Did explosive sprints.

A.M-2. Went to Iain's lab to do force plate tests. Benjamin and I ran from the car and back, total of about 0.65. Jeff and Mary Ann did the tests as well.

P.M. 1.5 with Benjamin and Jenny in 13:00. 1 with Julia in 9:41.

Saucony Type A Miles: 10.75
Night Sleep Time: 8.00Nap Time: 0.00Total Sleep Time: 8.00
Comments(3)
Easy MilesMarathon Pace MilesThreshold MilesVO2 Max MilesTotal Distance
12.900.000.000.1013.00

A.M. Big group today. Chauncy, Mary Ann, Jeff, and Daniel. First 6 with everybody, then Chauncy and Daniel were done, and the rest of us ran 4 more. 10 miles in 1:19:58. Did explosive sprints.

Did some standing broad jumps and vertical jumps yesterday, and in the process observed something and had an idea. I noticed that how far or how high I was able to jump did not quite correlate with perceived exertion. The best jumps happened not when I tried the hardest, but when somehow I was able to properly channel my force.  That led me to an idea for Quality X. The hypothesis is that a good portion of Quality X comes in how well the firing of individual motor units is synchronized. So with that assumption we want to train this ability in hopes that it will improve the performance of a runner in all distances at the same time.

So here is a rough idea. We start with a standing broad jump. Any jump that provides immediate and precise feedback on the amount of power generated will work. But broad jump is the easiest in terms of practicality - you just need a solid surface to land on, and a measuring tape. Keep jumping for maximum distance. Pay attention to how you felt when you jumped further. Try to duplicate the feeling and measure the success by the length of the jump it produces.

Once you know the feeling, in the ideal world, find timing gates, and do 10 meter sprints from a running start. Try to duplicate the feeling that produced the best jumps. Perfect that feeling in the context of running. Again, measure the success by how fast you are able to run.

Next step. 200-400 meter repetitions. Again we try to experience the same feeling of smooth and focused power, but now over a longer distance. We measure the success by the interval times. Solid aerobic base will help prevent aerobic fatigue from being a factor in the interval performance thus allowing the interval times to become an accurate measure of how we are doing on Quality X.

Next step - take it to 800 meter - 1 mile repeats and try to experience the feeling. Solid aerobic base becomes even more important.

Finally, we take it to the tempo run. Now the aerobic base is even more important, so let's hope it's there. Once we can do it in a tempo run, we are ready to race better.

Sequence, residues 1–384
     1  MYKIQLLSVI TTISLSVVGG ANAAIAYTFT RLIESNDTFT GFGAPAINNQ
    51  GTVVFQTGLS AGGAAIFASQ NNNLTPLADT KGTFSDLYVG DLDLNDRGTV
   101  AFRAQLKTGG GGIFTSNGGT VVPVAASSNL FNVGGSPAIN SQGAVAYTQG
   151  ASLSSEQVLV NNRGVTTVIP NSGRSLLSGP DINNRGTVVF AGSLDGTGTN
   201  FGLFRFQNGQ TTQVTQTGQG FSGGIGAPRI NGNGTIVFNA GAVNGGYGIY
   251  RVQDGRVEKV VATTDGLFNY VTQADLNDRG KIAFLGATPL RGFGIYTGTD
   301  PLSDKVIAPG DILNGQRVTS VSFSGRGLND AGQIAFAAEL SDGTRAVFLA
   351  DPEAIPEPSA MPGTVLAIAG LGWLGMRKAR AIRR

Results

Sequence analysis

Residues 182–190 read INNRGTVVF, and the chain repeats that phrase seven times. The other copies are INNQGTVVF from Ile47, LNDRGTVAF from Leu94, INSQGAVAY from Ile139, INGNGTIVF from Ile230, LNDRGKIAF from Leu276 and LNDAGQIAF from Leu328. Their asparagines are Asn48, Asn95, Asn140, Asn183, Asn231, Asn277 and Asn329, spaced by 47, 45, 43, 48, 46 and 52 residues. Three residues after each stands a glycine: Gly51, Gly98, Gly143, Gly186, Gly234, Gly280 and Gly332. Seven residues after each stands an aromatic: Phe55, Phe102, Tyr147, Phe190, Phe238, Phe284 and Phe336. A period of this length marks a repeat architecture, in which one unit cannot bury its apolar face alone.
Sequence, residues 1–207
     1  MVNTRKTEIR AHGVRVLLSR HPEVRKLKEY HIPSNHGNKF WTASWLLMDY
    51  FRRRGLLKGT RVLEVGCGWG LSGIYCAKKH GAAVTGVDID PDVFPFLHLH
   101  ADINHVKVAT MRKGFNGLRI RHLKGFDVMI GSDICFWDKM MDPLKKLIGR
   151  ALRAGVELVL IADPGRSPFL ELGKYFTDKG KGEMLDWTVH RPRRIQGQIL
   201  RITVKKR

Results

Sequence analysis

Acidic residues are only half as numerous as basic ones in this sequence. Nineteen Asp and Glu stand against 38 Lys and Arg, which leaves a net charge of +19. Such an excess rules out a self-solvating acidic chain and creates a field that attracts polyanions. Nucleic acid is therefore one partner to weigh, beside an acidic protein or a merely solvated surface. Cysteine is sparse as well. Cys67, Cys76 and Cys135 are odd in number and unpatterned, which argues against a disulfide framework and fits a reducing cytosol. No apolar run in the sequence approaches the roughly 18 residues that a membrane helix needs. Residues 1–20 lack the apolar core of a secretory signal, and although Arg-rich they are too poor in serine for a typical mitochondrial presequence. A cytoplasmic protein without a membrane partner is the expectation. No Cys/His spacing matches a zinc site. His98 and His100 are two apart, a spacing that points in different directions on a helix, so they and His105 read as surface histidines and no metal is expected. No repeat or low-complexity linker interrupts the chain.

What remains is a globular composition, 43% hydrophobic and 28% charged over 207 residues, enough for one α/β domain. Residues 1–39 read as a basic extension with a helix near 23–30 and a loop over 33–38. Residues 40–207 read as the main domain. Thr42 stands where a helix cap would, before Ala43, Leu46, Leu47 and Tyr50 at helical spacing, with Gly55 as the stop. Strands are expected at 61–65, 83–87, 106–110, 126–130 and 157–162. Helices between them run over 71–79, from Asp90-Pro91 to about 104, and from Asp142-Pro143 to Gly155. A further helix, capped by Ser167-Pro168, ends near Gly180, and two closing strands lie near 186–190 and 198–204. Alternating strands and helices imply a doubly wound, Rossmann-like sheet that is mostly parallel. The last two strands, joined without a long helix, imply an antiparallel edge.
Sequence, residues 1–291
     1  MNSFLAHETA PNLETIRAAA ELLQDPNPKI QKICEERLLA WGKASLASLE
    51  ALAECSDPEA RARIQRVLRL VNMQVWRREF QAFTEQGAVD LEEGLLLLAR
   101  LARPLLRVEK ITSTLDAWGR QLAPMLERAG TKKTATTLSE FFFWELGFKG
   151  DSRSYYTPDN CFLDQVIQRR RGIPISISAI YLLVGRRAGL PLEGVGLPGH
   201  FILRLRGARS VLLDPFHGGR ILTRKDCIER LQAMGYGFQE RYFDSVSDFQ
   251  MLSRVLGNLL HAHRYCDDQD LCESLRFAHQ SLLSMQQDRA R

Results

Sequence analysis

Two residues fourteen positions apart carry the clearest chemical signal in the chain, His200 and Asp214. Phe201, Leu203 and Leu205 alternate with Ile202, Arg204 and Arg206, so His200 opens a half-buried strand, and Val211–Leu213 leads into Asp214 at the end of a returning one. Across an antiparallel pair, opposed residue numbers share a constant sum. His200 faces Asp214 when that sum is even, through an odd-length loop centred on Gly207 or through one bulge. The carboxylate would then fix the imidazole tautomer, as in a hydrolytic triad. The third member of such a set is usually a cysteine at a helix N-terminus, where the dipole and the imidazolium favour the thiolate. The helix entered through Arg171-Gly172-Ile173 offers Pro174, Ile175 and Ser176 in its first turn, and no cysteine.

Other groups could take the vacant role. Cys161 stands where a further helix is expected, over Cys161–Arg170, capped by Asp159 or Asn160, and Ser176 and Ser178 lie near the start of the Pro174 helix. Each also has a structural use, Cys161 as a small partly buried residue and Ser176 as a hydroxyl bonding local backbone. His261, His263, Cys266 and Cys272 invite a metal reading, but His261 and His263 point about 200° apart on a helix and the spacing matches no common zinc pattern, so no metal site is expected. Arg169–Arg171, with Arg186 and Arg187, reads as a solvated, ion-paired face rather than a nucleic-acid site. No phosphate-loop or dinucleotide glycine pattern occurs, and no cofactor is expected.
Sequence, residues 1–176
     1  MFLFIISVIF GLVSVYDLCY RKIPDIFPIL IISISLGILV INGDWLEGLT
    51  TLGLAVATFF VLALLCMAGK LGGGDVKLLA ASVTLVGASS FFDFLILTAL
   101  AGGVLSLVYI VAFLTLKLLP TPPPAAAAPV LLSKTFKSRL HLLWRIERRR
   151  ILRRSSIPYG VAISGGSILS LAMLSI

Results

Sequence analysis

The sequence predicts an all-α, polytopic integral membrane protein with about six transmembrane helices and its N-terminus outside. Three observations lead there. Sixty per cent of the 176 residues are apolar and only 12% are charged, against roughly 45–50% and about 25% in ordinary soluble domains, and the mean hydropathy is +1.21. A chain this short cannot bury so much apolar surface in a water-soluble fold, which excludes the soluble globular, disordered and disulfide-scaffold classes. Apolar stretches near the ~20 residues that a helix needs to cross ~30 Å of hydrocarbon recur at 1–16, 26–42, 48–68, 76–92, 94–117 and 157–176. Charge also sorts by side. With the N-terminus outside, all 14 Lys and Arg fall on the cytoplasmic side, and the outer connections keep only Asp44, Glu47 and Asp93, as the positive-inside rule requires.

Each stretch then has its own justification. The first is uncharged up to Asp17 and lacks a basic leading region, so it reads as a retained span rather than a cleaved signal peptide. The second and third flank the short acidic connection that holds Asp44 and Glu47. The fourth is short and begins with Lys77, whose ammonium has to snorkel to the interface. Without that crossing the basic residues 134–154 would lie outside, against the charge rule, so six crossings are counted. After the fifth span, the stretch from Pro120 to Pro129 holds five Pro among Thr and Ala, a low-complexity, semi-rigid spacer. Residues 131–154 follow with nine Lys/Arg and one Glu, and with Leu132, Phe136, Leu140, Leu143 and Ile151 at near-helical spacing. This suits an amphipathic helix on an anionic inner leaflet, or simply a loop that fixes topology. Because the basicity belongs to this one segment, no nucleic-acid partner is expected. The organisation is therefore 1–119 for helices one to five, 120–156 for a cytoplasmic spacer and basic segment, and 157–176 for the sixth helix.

P.M. 2 with Benjamin and Jenny in 18:00, 1 with Julia in 9:41.

Brooks T4 Racing Flat Miles: 10.00
Night Sleep Time: 8.00Nap Time: 0.00Total Sleep Time: 8.00
Comments(2)
Easy MilesMarathon Pace MilesThreshold MilesVO2 Max MilesTotal Distance
12.300.000.400.3013.00

A.M. 4 with Daniel, Jeff, and Mary Ann. Dropped Mary Ann off, another mile with Daniel, he then turned around. Another 5 with Jeff. We did explosive sprints and a 1 K pickup in 3:15 with 200 splits off 40,41,39,38,38. 5:20 pace felt sustainable, 5:04 felt manageable but not sustainable. Total time was 1:17:35.

A little later 2 with Benjamin in 17:23 - Jenny ran 1.5 with us in 13:07. 1 with Julia in 9:37.

P.M. Drive to St. George.

Brooks T4 Racing Flat Miles: 13.00
Night Sleep Time: 0.00Nap Time: 0.00Total Sleep Time: 0.00
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Race: St. George Half Marathon (13.11 Miles) 01:14:26, Place overall: 5
Easy MilesMarathon Pace MilesThreshold MilesVO2 Max MilesTotal Distance
5.600.0013.110.0018.71

A.M. St. George Half Marathon. 1:14:26 officially, 1:14:29 on my watch. 5th place.

The course was great. It was measured properly for the first time in the history of the race since I can remember. The race director sent an email out saying it was certified. It was marked like a certified course as well - every mile and every 5 K, and every one of my splits made sense. From that I learned exactly how short the course was last year, and now everything falls into place. I thought it was rather odd that people ran so fast on the last year's course with as much as it rolls. I figure it was about 2:30 shorter last year, not 55 seconds we assumed from GPS readings. GPS consensus is not a substitute for course certification.